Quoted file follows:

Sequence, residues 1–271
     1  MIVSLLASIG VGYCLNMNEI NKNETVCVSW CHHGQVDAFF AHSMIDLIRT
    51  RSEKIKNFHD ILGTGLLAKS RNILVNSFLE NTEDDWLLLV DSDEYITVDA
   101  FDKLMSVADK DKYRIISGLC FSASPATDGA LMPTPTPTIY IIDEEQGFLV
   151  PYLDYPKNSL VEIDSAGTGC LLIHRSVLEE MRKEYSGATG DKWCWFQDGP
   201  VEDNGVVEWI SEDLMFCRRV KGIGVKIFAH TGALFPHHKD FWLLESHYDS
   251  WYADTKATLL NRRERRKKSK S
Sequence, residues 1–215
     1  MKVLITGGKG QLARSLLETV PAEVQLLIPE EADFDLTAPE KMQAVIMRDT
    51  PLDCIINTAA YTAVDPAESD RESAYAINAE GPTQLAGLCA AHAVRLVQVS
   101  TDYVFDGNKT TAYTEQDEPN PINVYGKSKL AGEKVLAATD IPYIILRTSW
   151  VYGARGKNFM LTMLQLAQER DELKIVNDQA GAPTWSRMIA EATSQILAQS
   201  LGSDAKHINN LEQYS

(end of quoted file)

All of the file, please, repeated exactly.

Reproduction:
Sequence, residues 1–271
     1  MIVSLLASIG VGYCLNMNEI NKNETVCVSW CHHGQVDAFF AHSMIDLIRT
    51  RSEKIKNFHD ILGTGLLAKS RNILVNSFLE NTEDDWLLLV DSDEYITVDA
   101  FDKLMSVADK DKYRIISGLC FSASPATDGA LMPTPTPTIY IIDEEQGFLV
   151  PYLDYPKNSL VEIDSAGTGC LLIHRSVLEE MRKEYSGATG DKWCWFQDGP
   201  VEDNGVVEWI SEDLMFCRRV KGIGVKIFAH TGALFPHHKD FWLLESHYDS
   251  WYADTKATLL NRRERRKKSK S
Sequence, residues 1–215
     1  MKVLITGGKG QLARSLLETV PAEVQLLIPE EADFDLTAPE KMQAVIMRDT
    51  PLDCIINTAA YTAVDPAESD RESAYAINAE GPTQLAGLCA AHAVRLVQVS
   101  TDYVFDGNKT TAYTEQDEPN PINVYGKSKL AGEKVLAATD IPYIILRTSW
   151  VYGARGKNFM LTMLQLAQER DELKIVNDQA GAPTWSRMIA EATSQILAQS
   201  LGSDAKHINN LEQYS